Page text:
A.C. Ryan AluBoxTFX 4

A.C. Ryan AluBoxTFX Review

Assembly »

Packaging & Contents

The AluBoxTFX comes in a colorful cardboard package complete with a carrying handle. The specifications are listed on the outside of the box, as well as the features.

Inside the AluBoxTFX is protected by a formed-cardboard insert, which divides the box into several compartments. The enclosure goes in one section, cables in another and the power adaptor in the third. This keeps things nice and neat inside, as well as holds everything in its place during shipment.

On top of everything in the box, the first this you should find is the installation manual and the CD. The CD does not have any kind of programs on it, just drivers and electronic copies of the manual.

To power the AluBoxTFX A.C. Ryan has included a power supply (or power “brick”) like the type included with most printers and such today. It connects to the enclosure with a 4-pin DIN-style connector that is keyed and can be inserted in only one way.

On the other end of the power supply the user will need to attach the plug to go to the wall outlet. Since A.C. Ryan is located in the Netherlands, the unit I received had the European plug inside the package, but A.C. Ryan sent a standard US plug with the unit. Retail units should ship with the appropriate plug for your region.

The data cables (USB on the left, eSATA on the right) are solid black in color, which matches the unit and the power wires. All of the cables use a quality rubber insulation, and not a cheaper plastic kind.

To make the internal power connection there is a 4-pin Molex connector installed in the enclosure by default, but a SATA power connector is included for drives that do not have legacy power support. Also included with the package were a set of HDD mounting screws, but I think it was a mistake. After all, this is a “tool free experience,” and installation later on will show these were not needed.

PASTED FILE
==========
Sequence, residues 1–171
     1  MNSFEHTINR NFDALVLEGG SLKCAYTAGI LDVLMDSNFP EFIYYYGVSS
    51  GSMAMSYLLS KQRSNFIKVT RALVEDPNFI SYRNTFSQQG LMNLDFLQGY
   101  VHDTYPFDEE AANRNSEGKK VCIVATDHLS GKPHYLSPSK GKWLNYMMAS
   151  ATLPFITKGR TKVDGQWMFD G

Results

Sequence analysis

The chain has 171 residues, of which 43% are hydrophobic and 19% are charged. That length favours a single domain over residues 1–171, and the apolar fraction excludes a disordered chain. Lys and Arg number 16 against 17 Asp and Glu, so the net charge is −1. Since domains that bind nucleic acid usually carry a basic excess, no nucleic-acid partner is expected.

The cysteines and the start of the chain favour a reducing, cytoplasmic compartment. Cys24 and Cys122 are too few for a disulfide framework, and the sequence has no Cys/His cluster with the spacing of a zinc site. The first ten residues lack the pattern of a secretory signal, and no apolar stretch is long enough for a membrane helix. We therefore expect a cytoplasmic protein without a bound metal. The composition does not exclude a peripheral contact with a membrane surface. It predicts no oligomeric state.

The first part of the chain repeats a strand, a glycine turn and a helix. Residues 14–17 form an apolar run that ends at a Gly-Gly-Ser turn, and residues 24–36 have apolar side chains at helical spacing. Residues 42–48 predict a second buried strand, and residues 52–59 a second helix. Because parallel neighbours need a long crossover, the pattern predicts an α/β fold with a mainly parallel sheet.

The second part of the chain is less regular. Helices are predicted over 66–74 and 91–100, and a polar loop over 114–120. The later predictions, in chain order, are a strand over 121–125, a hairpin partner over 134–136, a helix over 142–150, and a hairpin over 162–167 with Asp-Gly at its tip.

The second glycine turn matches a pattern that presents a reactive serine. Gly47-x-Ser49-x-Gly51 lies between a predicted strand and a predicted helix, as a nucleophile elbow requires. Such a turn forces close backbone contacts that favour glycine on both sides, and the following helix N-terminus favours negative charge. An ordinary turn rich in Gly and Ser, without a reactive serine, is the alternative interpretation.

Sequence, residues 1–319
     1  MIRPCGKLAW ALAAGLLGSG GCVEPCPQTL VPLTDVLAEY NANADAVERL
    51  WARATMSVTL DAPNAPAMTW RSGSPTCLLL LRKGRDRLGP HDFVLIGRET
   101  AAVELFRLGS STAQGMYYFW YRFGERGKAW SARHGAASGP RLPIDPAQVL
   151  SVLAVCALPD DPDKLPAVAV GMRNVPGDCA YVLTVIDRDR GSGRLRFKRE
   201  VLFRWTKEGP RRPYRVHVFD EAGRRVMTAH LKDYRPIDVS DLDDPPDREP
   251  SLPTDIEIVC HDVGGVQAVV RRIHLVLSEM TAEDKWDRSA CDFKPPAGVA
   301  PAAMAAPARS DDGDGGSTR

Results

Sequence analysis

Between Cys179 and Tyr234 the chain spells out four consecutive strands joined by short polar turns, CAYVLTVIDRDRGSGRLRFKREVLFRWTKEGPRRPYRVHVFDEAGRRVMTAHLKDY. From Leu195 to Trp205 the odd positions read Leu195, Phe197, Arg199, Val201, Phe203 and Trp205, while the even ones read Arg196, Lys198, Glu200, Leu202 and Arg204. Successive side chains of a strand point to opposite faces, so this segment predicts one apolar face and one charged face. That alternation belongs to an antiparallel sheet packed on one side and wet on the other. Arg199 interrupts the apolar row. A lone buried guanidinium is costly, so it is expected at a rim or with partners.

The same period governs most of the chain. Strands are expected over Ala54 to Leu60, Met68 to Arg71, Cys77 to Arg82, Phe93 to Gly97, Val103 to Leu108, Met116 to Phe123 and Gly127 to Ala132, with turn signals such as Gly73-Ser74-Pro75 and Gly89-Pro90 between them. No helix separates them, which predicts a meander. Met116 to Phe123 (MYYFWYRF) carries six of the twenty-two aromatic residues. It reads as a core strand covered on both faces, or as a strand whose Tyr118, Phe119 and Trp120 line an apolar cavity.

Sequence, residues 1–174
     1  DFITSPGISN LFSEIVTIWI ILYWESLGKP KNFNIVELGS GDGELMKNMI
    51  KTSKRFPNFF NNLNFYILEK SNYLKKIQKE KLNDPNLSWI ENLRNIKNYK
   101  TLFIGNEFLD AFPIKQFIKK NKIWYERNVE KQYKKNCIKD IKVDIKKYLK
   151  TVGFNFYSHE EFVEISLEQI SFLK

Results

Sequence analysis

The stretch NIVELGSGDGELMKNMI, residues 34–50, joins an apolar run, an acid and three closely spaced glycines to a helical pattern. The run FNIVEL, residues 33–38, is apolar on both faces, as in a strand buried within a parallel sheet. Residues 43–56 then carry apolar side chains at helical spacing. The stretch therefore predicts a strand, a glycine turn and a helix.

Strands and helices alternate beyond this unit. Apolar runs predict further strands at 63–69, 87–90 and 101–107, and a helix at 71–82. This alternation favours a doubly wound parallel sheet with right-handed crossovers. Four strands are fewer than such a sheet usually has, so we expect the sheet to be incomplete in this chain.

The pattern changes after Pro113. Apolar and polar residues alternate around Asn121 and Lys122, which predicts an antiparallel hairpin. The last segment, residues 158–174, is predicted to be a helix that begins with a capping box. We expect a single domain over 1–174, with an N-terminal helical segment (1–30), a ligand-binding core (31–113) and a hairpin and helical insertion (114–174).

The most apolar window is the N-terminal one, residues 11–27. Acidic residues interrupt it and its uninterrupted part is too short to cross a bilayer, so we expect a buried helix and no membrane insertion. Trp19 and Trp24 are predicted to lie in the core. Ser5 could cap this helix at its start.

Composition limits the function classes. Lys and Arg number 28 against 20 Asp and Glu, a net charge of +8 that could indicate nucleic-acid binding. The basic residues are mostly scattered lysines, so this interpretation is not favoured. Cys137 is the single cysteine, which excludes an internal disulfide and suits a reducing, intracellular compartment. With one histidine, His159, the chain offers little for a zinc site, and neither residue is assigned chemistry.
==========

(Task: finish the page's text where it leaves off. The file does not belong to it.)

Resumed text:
Finally, there is a plastic stand included to set the drive up on its side. It is made of clear plastic, and uses some silicon rubber feet to keep the enclosure from sliding and to help reduce vibration noise.

A Closer Look

The AluBoxTFX comes wrapped in clear plastic, no doubt as to help protect its glossy appearance. After removing the plastic the mirror finish can be seen. The spots you see in the picture are not on the enclosure, but merely a reflection of the clouds in the sky.

The front end of the enclosure has a chrome-colored plastic cap with black mesh. There isn’t a fan inside this enclosure, so the mesh provides the only ventilation. One thing to point out is that there are two indentations on the top side of each end-cap, and two bumps on the bottom side. The bumps are actually in place for laying the enclosure flat on the desktop, and the indentations are there to accept the bumps from another enclosure that may be stacked on top of this one.

The other end of the AluBoxTFX has all of the connections, the mode selector switch and the power switch. Everything is neatly laid out and clearly labeled. The only complaint I have about the appearance of the AluBoxTFX is that the end-caps are made of plastic. Certainly, it does reduce the cost of production, but it would have been nicer to see matching caps made of polished aluminum.
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